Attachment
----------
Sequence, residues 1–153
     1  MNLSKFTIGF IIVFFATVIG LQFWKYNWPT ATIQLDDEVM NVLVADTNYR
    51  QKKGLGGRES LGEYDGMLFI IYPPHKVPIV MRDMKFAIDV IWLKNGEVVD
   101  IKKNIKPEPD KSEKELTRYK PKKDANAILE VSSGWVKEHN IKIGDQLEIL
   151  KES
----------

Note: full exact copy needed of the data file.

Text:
Sequence, residues 1–153
     1  MNLSKFTIGF IIVFFATVIG LQFWKYNWPT ATIQLDDEVM NVLVADTNYR
    51  QKKGLGGRES LGEYDGMLFI IYPPHKVPIV MRDMKFAIDV IWLKNGEVVD
   101  IKKNIKPEPD KSEKELTRYK PKKDANAILE VSSGWVKEHN IKIGDQLEIL
   151  KES